a) Regulation of momentum and heat transfer between the atmosphere and ocean
b) Accumulation and release of fresh water or salt during melting-freezing cycle
c) Redistribution of fresh water sources through involvement of the first year ice from the marginal seas into the BG circulation and keeping it there for years and transforming it into highly ridged and thick multi-year ice under converging conditions of the BG ice motion.
d) Memorizing of the previous years conditions and slowing down variations in order to avoid abrupt changes
e) Protection of ocean from overcooling or overheating (the latter is extremely important for polar biology)
Our planet’s climate has changed so little over thousands of years that alarms have been sounded over less than 1 degree celsius of estimated average warming since the Little Ice Age ended 150 years ago. But actually, our Modern Warming period was preceded by the Medieval Warm period, the Roman, and the Minoan Warm periods. Each of them was slightly cooler than the previous, and all of them warmer than now.
If you are looking for explanations why our moderate climate persists over millennia and varies only within a tight range of temperatures, give a thought to the role of the Arctic flywheel system.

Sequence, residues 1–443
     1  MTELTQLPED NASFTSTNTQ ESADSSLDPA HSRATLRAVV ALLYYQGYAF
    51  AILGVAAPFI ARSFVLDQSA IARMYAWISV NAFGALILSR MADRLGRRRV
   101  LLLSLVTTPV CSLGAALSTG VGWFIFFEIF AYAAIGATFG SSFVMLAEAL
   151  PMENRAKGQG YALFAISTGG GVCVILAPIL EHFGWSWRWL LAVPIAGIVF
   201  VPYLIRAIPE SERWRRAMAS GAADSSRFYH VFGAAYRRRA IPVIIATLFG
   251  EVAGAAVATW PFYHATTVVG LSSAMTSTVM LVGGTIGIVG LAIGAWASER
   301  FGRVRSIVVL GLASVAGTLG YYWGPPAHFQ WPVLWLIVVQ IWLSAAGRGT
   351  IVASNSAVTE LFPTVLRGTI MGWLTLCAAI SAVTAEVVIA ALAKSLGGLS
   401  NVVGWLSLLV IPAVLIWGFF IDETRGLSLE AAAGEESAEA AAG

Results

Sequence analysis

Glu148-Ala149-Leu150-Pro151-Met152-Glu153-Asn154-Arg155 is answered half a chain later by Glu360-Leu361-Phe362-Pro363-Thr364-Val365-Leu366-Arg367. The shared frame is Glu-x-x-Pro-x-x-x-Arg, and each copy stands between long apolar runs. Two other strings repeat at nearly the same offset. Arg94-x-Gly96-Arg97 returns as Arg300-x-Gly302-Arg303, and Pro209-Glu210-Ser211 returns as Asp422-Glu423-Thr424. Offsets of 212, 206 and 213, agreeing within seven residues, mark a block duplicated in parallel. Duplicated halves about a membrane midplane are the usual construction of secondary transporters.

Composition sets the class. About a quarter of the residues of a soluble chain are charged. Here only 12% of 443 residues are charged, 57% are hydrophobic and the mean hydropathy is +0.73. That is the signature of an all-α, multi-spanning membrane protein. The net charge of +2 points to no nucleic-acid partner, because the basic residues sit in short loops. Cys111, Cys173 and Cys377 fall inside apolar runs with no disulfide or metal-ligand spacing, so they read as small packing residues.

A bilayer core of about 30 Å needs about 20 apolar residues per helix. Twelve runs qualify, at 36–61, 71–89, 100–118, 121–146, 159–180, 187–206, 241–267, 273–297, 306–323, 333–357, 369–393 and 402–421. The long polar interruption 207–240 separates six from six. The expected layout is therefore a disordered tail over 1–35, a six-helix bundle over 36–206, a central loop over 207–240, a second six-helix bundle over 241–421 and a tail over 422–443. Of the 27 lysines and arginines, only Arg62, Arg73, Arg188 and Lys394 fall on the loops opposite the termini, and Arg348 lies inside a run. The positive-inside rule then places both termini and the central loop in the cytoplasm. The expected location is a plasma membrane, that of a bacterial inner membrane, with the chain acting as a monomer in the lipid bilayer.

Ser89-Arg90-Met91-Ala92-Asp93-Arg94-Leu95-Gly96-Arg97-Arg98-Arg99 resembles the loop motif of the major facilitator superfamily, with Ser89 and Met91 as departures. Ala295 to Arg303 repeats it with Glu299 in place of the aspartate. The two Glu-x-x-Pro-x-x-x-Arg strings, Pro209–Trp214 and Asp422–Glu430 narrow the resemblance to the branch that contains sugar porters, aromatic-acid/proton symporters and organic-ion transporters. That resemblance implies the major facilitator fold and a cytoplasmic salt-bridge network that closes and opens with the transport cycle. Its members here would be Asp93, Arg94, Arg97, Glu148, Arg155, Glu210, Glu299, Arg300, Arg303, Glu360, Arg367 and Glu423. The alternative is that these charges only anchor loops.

Of course, even this is far from the whole story. As the map above shows, there’s lots more than the Beaufort Gyre going on. For example, the Transpolar Current drives flows of ice and water on the European side, in addition to the Beaufort Gyre acting on the North American side.
And despite the emphasis above on the Pacific water, the Atlantic Gulf stream supplies most of the water entering the Arctic.
“The Arctic Ocean is permanently supplied with new water from the Gulf Current, which enters the sea close at the surface near Spitsbergen. This current is called the West Spitsbergen current. The arriving water is relatively warm (6 to 8°C) and salty (35.1 to 35.3%) and has a mean speed of ca. 30 cm/sec-1. The warm Atlantic water represents almost 90% of all water masses the Arctic receives. The other ~10% comes via the Bering Strait or rivers. Due to the fact that the warm Atlantic water reaches usually the edge of the Arctic Ocean at Spitsbergen in open water, the cooling process starts well before entering the Polar Sea.”